And “old” stands for “Over Last Decade,” right?
Dear Word Detective: Today our local newspaper Helsingin Sanomat had a brief note on the word “news.” It said that Fred Sedgwick, in his book “Where Words Come From,” explains that it comes from from a saying: “Tidings from North, East, South and West.” Now, my suspicion was roused immediately as acronyms, as you say, were almost nonexistent before WWII. Could you please put Mister Sedgwick to his right place? — Topi, Finland.
I’d like to, but he’s in the UK and I’m in the US, and that’s too far for me to throw a cream pie. According to his publisher’s website, “Fred Sedgwick is a poet, former headteacher and the author of many books in the areas of literature, expressive arts, education and creativity.” “Expressive arts”? There’s a passport to lifetime unemployment. On the other hand, among his “many books” (eight with this publisher alone) is something called “How to Teach with a Hangover,” which is a wonderful title and makes me like him.
Unfortunately, that doesn’t alter the fact that you are right and Mr. Sedgwick is wrong about “news.” The rest of his book may be flawless and fascinating, of course, but one howler like that tends to ding the credibility of his entire enterprise. There’s really no excuse these days for this sort of mistake, with Oxford English Dictionary (OED) available either on a CD-ROM or on the internet by subscription (or free, if your local library system offers it).
Just for fun, let’s see what the OED would have told Mr. Sedgwick about the origin of “news,” had he asked: “News (noun) — Special use of plural of NEW n., after Middle French nouvelles …”. You’ll notice the absence of any reference to “north, south,” etc., in that etymology.
In fairness to Mr. Sedgwick, he didn’t invent that story about “news” being an acronym (and acronyms were indeed very rare before World War II, while “news” has been with us in its current form since the early 16th century). That “north, east, etc.” story has been floating around for years, and it actually makes a certain amount of superficial sense. Unlike some of the awkward and overly-elaborate fables you hear about the origin of some words, this one “fits” nicely. “News” does indeed come from all directions.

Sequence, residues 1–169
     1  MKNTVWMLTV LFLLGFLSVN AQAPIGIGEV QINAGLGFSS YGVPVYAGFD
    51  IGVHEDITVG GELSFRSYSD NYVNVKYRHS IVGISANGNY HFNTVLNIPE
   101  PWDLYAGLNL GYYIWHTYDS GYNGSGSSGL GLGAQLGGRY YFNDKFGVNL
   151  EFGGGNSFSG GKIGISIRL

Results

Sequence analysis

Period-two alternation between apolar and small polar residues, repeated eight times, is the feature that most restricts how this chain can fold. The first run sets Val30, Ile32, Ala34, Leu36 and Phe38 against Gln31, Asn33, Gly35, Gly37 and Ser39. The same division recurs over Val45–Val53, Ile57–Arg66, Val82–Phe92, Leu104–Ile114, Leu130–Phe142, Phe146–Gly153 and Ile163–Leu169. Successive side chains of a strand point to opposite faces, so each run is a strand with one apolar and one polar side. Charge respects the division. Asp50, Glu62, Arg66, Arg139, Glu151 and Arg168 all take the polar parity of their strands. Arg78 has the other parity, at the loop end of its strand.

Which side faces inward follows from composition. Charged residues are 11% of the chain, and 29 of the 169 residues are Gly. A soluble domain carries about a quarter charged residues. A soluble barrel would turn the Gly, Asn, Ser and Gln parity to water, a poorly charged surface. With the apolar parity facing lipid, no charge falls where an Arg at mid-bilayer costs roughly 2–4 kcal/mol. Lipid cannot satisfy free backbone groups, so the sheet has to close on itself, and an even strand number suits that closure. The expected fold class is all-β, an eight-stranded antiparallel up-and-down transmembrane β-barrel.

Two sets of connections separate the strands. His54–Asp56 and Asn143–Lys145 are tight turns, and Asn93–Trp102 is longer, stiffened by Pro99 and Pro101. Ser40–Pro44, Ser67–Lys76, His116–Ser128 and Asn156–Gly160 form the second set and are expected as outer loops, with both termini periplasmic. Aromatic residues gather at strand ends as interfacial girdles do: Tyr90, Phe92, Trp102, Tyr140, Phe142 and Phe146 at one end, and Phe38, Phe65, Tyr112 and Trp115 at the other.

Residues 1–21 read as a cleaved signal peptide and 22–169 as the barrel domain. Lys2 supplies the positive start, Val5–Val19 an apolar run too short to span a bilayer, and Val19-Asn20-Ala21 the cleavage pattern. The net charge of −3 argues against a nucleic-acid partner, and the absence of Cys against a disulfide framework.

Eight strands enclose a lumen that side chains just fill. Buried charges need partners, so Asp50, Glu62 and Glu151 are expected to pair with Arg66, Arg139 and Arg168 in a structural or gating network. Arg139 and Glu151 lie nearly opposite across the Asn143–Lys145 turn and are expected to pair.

Another reason that the story seems plausible is that “news” sounds like the plural of a noun, “new,” but “new” is not a noun in English. It’s an adjective, and our adjectives don’t have plurals. We don’t speak of “three news cars.” You can have a hundred and they are, together, still simply “new cars.”
The answer to this muddle, and I’m glad there is one, lies not in English but in French. Back in the 14th century, someone noticed that the French used the word “nouvelles” (“new”) to mean “new things” in Bible translations from the Latin “nova” (also meaning “new things”). If the French could use a plural of “new” to mean “new things,” went the reasoning, so can we, and the English noun “news” was born.
There was apparently some resistance among the general public to the use of “news” as a singular noun, however, and many people tried to make the form make a bit more sense by treating it as a plural (“There are never any news,” W. M. Thackeray, 1846). But the singular “news” is now almost universally accepted, and only in the form of English spoken in India are you likely to find “the news are good.”